200 Sensors Find Sierra's Subsurface Water

November 13, 2015

KQED Science covers The Secret Life of a Raindrop through focusing on the interdisciplinary network of studies on the critical zone--the zone where life meets rock. 

The Critical Zone Tree helps scientists track water from the Sierra Nevada.
The Critical Zone Tree helps researchers track
water that falls in the Sierra Nevada, through
the forest and soils, to the valley. 

UC Merced professor and UC Water Director Roger Bales is also the lead Principal Investigator for the Southern Sierra Critical Zone Observatory. His work includes 200 sensors around a tree which describe how water is moving through the forest.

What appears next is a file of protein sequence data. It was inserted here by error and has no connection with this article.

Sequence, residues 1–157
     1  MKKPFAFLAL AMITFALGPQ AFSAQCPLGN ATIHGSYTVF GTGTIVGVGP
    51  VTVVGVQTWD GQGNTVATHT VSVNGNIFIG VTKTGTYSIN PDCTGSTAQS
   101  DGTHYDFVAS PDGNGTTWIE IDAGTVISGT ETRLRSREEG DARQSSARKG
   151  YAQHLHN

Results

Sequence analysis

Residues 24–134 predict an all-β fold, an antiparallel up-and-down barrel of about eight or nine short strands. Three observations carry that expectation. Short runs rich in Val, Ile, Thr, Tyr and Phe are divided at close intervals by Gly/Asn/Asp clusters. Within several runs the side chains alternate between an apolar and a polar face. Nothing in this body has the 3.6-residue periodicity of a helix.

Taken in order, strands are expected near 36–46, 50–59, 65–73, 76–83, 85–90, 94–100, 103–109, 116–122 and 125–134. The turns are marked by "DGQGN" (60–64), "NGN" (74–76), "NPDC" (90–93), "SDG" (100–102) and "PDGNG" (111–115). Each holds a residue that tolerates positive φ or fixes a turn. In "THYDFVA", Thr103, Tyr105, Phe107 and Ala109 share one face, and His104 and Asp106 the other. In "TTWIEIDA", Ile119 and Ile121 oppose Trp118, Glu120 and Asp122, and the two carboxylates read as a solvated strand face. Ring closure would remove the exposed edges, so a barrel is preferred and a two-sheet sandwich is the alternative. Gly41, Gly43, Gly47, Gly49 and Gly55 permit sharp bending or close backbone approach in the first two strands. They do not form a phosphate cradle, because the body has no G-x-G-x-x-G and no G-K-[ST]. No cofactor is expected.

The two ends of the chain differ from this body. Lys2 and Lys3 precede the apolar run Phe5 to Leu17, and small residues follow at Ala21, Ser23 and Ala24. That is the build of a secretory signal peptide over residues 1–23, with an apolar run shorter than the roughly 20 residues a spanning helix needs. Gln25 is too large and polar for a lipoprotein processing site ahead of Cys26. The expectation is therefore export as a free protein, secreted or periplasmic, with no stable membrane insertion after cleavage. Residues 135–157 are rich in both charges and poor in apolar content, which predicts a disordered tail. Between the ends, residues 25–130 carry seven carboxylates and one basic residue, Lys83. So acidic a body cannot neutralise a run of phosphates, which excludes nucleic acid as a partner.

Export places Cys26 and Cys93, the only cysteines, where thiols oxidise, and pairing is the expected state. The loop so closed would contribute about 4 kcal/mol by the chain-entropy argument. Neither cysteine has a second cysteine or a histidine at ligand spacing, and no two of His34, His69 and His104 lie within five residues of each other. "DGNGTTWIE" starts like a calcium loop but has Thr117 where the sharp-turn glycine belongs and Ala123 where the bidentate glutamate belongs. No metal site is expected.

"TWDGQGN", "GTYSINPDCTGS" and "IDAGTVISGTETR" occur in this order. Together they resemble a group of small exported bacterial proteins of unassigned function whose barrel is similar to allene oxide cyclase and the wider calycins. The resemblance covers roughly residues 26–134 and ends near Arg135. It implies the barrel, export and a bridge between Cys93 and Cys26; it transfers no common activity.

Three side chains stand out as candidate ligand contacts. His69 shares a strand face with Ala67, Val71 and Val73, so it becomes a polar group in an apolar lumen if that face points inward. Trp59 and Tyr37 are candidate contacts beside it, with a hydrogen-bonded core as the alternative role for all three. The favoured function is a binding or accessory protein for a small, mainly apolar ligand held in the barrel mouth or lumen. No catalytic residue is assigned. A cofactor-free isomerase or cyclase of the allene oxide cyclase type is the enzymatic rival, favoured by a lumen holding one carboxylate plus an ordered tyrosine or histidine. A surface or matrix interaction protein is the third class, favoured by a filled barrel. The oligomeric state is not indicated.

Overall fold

"We call this the critical zone tree because it is the most instrumented tree in the Sierra Nevada," said Bales.

There are sensors for temperature, humidity and how much water is moving up the tree and going out to the leaves and atmosphere. 

As a member of a network of Critical Zone Observatories throughout the United States, supported by the National Science Foundation, Bales' research not only provides a better understanding of the world's water cycle, but of how we can accurately measure the water people will have available after the Sierra Nevada forests use it. 

See Bales' study site near Shaver Lake, California in the KQED video